Thursday, June 08, 2006

Fighting To Claim Libertarians

It's funny- I almost wrote an entry on this thought a few days ago, when I noticed a Dionne column that used the word 'libertarian' in a positive light. Dionne isn't the first person I think of when I think of us, meaning libertarians. In fact, he's one of the last.

That's been happening a lot lately. I know, because I do searches in 20-50 media sites every day on the word 'libertarian' to see what comes up. More often than not in the past, the word 'libertarian' appeared alongside the word 'civil'. Now it seems, when a writer is ascribing virtue, they are describing someone or some policy as 'libertarian'.

Earlier this year, Mitch Daniels was describing himself (with the help of George Will) as a libertarian, and cited Virginia Postrel's book "The Future and its Enemies" as one of his guiding influences. Postrel is the former editor of the foremost libertarian monthly Reason.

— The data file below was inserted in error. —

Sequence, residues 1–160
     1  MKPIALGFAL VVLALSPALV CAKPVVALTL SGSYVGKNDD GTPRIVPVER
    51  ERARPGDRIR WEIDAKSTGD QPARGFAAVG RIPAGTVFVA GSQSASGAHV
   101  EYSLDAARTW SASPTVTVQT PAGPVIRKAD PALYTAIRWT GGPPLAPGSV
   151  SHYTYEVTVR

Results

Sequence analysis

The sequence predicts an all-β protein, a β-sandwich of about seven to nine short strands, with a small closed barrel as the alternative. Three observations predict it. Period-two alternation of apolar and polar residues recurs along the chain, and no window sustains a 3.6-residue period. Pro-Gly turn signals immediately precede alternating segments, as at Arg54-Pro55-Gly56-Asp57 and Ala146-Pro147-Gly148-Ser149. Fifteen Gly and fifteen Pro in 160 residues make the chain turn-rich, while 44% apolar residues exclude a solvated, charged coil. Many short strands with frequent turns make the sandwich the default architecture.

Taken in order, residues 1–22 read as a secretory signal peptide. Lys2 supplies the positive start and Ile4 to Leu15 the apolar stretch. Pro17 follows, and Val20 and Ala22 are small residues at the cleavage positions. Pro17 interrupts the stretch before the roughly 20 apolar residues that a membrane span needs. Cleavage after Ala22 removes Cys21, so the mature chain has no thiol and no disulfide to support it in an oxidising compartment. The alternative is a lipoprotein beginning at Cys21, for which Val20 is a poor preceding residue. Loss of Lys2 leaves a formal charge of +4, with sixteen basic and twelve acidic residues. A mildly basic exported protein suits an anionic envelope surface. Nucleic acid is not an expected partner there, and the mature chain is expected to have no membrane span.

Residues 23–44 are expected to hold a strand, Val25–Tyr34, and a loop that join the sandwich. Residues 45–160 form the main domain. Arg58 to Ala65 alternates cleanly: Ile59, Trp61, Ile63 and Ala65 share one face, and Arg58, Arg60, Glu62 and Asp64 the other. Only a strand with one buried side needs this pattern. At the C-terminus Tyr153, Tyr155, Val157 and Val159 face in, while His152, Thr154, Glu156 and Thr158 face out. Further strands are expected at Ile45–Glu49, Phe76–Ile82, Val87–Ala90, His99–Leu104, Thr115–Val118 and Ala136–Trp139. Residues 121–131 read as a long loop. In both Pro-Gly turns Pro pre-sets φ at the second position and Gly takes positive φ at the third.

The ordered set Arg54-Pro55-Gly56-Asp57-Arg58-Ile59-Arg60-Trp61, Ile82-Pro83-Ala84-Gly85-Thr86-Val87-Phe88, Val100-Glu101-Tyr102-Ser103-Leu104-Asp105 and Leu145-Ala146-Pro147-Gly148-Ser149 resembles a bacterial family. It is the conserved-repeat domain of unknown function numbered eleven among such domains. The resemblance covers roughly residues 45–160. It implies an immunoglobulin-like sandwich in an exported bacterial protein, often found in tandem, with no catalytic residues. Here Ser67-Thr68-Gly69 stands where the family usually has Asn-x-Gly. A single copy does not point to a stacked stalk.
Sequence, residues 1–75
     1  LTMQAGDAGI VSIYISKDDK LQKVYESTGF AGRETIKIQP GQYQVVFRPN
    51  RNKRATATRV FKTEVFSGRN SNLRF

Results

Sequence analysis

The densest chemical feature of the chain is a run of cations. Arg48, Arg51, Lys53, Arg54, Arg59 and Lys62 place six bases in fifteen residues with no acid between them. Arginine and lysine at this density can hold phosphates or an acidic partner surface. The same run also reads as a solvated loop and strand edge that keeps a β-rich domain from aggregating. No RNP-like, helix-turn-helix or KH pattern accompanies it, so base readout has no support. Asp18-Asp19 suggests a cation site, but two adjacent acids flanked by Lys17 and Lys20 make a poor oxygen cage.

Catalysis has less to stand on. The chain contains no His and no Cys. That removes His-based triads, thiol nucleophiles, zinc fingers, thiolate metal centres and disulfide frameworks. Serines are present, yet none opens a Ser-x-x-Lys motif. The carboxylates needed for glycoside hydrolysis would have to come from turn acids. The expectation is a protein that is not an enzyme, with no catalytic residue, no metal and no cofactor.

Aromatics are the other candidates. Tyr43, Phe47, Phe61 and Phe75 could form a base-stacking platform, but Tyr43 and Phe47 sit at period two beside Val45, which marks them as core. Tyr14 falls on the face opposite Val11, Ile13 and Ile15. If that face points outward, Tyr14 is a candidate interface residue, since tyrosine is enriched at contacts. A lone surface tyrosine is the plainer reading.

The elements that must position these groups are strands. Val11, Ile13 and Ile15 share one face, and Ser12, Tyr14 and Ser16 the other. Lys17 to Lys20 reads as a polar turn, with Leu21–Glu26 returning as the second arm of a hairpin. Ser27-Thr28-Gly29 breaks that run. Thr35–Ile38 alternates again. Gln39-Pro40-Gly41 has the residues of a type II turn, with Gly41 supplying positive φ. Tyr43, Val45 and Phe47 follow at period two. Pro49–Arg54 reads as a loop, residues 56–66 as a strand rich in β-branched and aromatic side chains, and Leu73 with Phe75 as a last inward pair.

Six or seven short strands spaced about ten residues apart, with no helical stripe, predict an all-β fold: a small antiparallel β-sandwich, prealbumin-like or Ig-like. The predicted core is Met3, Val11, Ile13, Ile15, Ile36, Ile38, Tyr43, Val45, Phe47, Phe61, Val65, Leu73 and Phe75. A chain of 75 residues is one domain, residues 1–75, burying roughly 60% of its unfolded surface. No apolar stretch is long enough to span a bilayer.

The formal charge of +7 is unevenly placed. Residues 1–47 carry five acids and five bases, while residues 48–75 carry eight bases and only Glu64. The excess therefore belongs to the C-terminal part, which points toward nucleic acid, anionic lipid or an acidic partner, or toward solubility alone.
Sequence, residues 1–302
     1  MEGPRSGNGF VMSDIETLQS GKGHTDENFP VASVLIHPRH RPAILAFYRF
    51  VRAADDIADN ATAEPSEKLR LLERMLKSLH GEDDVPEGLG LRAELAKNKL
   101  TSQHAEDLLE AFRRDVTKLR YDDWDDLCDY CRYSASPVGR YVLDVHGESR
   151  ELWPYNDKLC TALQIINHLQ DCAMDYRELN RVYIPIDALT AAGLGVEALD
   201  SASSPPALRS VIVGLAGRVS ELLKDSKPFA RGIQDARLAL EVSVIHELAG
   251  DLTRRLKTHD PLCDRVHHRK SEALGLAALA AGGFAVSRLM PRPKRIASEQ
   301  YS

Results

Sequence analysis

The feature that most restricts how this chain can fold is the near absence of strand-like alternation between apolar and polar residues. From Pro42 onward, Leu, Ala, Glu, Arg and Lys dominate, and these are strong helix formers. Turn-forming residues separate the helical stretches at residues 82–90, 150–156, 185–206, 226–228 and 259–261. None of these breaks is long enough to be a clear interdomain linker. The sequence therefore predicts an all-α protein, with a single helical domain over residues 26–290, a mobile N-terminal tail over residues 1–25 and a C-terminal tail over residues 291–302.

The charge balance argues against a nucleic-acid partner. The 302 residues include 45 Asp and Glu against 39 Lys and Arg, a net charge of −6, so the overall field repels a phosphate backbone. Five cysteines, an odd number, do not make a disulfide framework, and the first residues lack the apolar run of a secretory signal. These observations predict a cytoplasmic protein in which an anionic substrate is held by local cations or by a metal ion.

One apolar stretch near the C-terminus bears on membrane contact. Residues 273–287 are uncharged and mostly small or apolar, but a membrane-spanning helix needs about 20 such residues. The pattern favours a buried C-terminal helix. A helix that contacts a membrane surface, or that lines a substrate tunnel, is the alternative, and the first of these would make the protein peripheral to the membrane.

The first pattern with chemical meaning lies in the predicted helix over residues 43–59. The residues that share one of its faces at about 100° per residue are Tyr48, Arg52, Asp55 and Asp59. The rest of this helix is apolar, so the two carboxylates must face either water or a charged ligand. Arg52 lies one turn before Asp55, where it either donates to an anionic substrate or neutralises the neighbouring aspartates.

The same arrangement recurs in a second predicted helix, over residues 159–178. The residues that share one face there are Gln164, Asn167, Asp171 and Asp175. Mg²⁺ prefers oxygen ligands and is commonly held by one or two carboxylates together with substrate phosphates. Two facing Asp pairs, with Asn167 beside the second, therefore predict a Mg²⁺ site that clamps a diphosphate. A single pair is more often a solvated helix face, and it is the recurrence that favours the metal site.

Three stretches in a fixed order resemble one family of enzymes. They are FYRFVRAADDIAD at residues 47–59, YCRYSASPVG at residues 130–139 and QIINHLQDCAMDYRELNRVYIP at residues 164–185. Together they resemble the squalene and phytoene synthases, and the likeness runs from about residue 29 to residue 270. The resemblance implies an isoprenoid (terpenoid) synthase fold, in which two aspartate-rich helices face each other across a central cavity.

Earlier today, Markos Moulitsas explained in great depth that he is a 'Libertarian Democrat'. For those who somehow don't know, Markos is "Kos", as in "Daily Kos"- the foremost political blog in the US, and the carrier of the chevron for many on the left in this country. Kos is featured in Time this week.

I don't think it is any coincidence that there is a very mainstream battle for libertarians. A recent report from the Pew Research Center, announced that only 9% of Americans are libertarians philosophically. So, the rest are liberal or conservative, right? Wrong. 15% are conservative, while 18% are liberal. The lion's share are ambivalent (42%).

That's useful information with the elections only 150+ days away, and Democrats and Republicans looking for ways to earn the edge. I don't know how you go about reaching people who are ambivalent. I do know how you go about reaching people who self-identify as clearly as libertarians do. You point out areas of agreement in order to lure them in. If either side can win that 9% libertarian bloc, they win in November.

Both left and right have the capacity to reach out to libertarians, because libertarians agree with those on the right who believe in economic liberty, while we agree with those on the left who believe in personal liberty. Expect a whole lot of pandering to us in the next 150 days. It's a good thing. It screams, "relevance".